Many of the risks inherent in soliciting funds from or investing funds with a foreign government's entity arise from the use of third party agents to facilitate the process. Although the use of those agents may have significant benefits because of their familiarity with local markets and entities (and access to key decision-makers), agents have proven a fertile ground for FCPA investigations by the DOJ and SEC, and consistently present a key area of risk. If the agent, when soliciting an investment for the private fund, makes an unlawful payment to an individual working for a sovereign wealth fund or other government entity, the fund can be liable if there is evidence that it knew about the payment or about "red flags" indicating that the payment would be made.

    III. Managing Anti-Corruption Risks

    Private equity funds and hedge funds should give strong consideration to taking proactive steps to minimize their potential FCPA exposure to the greatest extent possible. The damages stemming from an FCPA investigation or conviction can be tremendous, resulting in massive fines, imprisonment for individuals, and collateral consequences that may include the appointment of an independent compliance monitor. Although every compliance program needs to be tailored to a company's particular needs and market space, a robust program should include some or all of the following components:

    • A written FCPA compliance policy and procedures that prohibit bribery (with corresponding disciplinary consequences) and provide regular anti-corruption training for employees. The policy should also create a rigorous pre-approval procedure for any employee seeking to provide a gift or payment to a foreign official.
    • A compliance officer or committee responsible for enforcing the anti-corruption policy and for engaging in periodic audits of the compliance policy and third party agents and investments for potential anti-corruption violations and compliance policy efficacy.
    • For issuers, the maintenance of accurate books and records concerning all transactions that involve gifts or payments to foreign officials, and a corresponding system of internal controls designed to ensure that accuracy.
    • Due diligence procedures for potential investments, joint ventures, and acquisitions designed to determine whether the investment fund is dealing with a sovereign wealth fund or other foreign government entity.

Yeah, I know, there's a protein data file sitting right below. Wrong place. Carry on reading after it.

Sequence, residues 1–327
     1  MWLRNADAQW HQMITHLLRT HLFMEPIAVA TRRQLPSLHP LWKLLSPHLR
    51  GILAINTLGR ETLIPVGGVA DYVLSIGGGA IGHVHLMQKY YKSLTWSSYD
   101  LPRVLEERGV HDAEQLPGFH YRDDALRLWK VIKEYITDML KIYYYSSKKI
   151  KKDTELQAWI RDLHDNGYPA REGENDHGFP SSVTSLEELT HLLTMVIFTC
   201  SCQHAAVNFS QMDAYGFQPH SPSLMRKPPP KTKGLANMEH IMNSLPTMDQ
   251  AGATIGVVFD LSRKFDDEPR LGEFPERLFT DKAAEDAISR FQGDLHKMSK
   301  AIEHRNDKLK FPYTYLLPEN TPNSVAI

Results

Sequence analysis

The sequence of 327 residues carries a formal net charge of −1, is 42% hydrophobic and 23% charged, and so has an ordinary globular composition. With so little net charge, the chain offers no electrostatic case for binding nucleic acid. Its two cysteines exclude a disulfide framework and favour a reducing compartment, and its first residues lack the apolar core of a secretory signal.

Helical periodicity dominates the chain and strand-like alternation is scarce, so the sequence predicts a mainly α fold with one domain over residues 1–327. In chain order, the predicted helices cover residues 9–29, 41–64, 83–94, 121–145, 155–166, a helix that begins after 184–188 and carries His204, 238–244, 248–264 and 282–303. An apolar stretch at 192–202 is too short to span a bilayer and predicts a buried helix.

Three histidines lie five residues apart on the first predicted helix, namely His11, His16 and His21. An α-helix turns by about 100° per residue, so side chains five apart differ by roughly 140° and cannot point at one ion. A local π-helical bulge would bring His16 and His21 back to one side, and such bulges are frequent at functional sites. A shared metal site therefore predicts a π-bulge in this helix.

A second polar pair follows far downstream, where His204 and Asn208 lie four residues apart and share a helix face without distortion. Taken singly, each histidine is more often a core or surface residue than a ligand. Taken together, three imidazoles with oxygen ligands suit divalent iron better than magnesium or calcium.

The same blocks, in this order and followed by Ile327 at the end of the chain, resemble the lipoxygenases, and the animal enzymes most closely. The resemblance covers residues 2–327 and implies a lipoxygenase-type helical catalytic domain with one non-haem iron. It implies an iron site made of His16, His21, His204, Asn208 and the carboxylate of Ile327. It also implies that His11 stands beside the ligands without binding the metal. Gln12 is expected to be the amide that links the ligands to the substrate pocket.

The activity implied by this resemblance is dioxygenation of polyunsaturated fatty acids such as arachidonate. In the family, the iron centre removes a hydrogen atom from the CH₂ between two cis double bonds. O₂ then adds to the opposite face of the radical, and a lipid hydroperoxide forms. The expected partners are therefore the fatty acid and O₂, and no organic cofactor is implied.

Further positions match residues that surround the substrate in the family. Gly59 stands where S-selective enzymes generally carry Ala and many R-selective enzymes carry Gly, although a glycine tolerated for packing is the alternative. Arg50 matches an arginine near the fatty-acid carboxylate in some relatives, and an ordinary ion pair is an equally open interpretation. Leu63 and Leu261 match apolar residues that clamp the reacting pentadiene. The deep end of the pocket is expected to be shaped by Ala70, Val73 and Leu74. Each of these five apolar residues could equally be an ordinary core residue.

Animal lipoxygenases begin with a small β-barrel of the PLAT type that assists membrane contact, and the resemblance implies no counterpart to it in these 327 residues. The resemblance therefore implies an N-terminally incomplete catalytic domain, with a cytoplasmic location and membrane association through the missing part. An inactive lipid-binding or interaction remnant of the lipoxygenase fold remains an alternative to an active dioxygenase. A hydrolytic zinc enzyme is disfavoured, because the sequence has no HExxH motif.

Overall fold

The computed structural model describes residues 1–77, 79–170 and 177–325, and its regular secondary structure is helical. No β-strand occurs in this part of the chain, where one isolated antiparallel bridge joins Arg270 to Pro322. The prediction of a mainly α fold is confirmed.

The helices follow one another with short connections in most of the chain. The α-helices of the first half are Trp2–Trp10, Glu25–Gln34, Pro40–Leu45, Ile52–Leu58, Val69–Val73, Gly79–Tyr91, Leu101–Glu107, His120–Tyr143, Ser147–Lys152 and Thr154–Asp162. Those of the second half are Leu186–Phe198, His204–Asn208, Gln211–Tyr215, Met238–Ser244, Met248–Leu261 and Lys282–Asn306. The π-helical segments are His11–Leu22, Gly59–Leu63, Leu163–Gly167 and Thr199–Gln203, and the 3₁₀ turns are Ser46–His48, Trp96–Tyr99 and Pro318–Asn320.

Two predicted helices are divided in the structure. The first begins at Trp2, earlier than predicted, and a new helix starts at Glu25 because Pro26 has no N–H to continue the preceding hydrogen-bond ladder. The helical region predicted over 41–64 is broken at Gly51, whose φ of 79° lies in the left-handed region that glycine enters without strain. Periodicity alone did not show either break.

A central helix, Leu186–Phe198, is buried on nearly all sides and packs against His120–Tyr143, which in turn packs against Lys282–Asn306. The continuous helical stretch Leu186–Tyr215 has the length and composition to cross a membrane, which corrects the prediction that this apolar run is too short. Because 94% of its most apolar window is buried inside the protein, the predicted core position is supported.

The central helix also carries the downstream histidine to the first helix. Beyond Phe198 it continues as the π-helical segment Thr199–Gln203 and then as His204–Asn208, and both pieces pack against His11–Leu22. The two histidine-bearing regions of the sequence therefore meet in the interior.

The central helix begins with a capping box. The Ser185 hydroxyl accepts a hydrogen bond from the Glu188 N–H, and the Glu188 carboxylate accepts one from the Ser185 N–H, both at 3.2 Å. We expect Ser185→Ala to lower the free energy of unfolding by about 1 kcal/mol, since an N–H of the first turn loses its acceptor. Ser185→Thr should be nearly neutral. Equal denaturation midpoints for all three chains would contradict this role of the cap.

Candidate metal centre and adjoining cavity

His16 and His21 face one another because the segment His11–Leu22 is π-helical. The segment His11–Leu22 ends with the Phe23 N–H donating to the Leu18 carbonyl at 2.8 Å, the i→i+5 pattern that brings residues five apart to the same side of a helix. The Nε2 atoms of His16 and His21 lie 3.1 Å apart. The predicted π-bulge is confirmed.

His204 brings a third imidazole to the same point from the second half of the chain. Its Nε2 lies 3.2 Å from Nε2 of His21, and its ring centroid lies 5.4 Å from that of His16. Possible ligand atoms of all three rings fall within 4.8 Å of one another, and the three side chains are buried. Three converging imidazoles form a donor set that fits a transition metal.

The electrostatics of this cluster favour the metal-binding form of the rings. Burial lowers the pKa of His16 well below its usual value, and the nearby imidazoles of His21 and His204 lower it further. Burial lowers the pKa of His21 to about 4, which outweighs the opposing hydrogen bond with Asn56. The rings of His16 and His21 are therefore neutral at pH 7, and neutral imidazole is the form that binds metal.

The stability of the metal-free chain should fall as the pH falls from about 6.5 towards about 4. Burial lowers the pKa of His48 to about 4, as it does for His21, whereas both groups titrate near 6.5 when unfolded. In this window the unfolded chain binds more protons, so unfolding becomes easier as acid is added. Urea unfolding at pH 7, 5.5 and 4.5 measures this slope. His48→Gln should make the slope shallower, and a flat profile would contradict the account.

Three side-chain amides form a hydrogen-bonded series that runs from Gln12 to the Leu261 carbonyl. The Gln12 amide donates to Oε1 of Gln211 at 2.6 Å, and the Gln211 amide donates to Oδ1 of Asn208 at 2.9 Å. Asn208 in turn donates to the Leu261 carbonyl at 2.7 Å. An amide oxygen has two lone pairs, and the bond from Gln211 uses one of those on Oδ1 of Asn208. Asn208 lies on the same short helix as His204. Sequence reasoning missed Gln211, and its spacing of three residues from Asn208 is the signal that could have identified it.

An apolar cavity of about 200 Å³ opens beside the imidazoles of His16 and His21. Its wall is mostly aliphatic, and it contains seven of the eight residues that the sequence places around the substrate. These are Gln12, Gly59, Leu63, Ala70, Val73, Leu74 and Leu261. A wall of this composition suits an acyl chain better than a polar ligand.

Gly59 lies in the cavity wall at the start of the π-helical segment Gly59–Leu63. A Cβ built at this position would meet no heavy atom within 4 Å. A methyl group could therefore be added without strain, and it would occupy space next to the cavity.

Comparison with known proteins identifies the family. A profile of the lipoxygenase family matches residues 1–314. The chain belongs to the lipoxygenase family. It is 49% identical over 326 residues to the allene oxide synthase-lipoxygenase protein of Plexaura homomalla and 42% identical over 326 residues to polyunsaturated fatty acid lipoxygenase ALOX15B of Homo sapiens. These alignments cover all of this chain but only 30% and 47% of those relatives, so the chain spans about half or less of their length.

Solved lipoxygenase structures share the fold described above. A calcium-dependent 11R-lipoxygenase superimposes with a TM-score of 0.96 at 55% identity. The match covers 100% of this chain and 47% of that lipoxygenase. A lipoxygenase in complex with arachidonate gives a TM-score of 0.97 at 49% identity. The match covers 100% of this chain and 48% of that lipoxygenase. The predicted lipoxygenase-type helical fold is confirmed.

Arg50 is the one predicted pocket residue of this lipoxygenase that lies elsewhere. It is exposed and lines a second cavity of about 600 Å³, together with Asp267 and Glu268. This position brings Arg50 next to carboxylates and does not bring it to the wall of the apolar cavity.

• Due diligence procedures for vetting third party agents and joint venture partners to determine whether there are any red flags indicating that the intermediary might pay bribes to foreign officials, and to monitor the agent's activities and interactions with foreign officials.
    • Written agreements with third party agents and joint venture partners concerning FCPA compliance and confirming that those parties do not have any financial relationship with a foreign official. The agreement should also provide for oversight and audit of the agents' or partners' activities, and termination of the relationship in the event a violation is discovered.
    • Internal whistleblower procedures by which employees and agents can anonymously report potential FCPA violations without fear of retaliation.

    Many of these measures can be incorporated into existing compliance programs (e.g., preexisting AML procedures), to minimize the burden on the private investment fund of enacting or strengthening FCPA compliance measures.
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    When a hedge fund or private equity fund identifies a potential FCPA violation, it should immediately consult with counsel. Simply hoping that the problem will go unnoticed poses far too great a risk in today's enforcement environment. A prompt, proactive investigation will allow managers, with counsel's assistance, to determine the best strategic course by which to minimize or eliminate FCPA liability.

    [1] 15 U.S.C. §§ 78dd-1, et seq.

    [2] Dep't of Justice & Sec. Exchange Comm'n, A Resource Guide to the U.S. Foreign Corrupt Practices Act, at 20 (2012).